• How can we fit a model to this?

## Model Syntax in R

• At minimum, you need
• model formula
• data frame that the variables in the model formula come from
• Formula has two sides: left and right, separated by tilde ~
• LHS ~ RHS

## LHS and RHS

• Left-hand side is the response variable (y)
• Right-hand side contains the predictor variables (x)
• Effects are separated by a plus sign +
• Interaction effects are denoted with a colon :
• The shorthand * indicates all possible combinations of interactions for a set of variables (I don’t recommend)

### Example of a formula

• weight ~ height + sex + height:sex
• In SAS this would be model weight = height sex height*sex
• “The expected value of weight is a linear combination of height, sex, and the product of height and sex.”

### Intercept

• An intercept is included by default
• You can be explicit by adding 1 to the RHS
• weight ~ 1 + height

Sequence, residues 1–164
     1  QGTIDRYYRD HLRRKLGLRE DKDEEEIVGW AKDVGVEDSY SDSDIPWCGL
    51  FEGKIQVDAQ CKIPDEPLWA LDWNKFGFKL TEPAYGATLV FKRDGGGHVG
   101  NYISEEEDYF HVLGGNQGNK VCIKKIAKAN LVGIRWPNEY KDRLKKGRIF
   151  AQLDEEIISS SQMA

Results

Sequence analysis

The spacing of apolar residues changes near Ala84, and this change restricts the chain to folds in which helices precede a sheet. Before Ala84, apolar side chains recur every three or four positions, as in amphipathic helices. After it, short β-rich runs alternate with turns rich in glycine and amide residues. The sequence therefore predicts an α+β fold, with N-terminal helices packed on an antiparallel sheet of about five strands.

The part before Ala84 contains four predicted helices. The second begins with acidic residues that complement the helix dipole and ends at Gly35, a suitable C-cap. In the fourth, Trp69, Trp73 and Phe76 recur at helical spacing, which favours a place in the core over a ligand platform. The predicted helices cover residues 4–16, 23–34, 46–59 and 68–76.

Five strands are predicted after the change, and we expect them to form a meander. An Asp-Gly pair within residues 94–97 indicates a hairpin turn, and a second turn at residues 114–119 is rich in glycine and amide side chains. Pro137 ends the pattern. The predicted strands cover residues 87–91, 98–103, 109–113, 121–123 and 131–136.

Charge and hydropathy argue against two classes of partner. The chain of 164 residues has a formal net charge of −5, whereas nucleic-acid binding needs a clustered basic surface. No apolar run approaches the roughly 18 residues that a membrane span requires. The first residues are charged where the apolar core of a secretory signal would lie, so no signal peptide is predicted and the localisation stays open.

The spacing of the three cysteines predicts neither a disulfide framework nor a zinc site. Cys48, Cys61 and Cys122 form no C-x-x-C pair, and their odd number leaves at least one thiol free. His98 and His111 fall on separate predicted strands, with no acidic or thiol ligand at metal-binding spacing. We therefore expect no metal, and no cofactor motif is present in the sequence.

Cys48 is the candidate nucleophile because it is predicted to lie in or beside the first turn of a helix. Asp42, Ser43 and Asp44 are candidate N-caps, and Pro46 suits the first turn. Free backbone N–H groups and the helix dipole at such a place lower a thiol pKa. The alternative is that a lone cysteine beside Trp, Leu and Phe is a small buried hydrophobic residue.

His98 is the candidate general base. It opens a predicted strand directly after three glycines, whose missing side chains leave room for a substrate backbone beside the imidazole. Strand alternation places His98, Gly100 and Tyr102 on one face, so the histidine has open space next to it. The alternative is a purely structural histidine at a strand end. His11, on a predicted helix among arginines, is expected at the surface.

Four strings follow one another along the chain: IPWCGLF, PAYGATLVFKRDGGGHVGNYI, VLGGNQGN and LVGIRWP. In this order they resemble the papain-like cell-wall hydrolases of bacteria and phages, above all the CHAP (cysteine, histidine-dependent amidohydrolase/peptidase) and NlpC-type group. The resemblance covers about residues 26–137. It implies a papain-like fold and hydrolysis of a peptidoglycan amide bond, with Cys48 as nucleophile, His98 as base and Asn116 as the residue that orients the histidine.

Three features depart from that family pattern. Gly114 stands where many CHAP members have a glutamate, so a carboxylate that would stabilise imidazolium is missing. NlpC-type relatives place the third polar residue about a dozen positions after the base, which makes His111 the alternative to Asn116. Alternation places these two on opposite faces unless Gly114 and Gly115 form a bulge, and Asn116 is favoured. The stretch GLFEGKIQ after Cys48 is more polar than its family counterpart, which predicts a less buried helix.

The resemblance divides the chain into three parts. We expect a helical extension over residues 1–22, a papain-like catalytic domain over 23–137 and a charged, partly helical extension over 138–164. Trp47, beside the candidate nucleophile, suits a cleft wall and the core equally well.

• To fit a model without an intercept (force regression line through origin) replace 1 with 0
• weight ~ 0 + height

## Linear model with continuous predictor

• Relationship between soil nitrogen (x) and plant biomass (y) in a plot
• Fit linear regression with lm() (linear model)
• Model formula is just y ~ x
• data argument is the data frame containing columns biomass and soilN
lm_fit <- lm(biomass ~ soilN, data = soilN_biomass)

## Look at model output

• Use summary()
summary(lm_fit)
• Positive coefficient (~1.04) on soilN
• For every 1 unit increase in soil N, there is a 1.04 unit increase in biomass

If you just want the coefficients you can use the coef() function:

lm_coefs <- coef(lm_fit)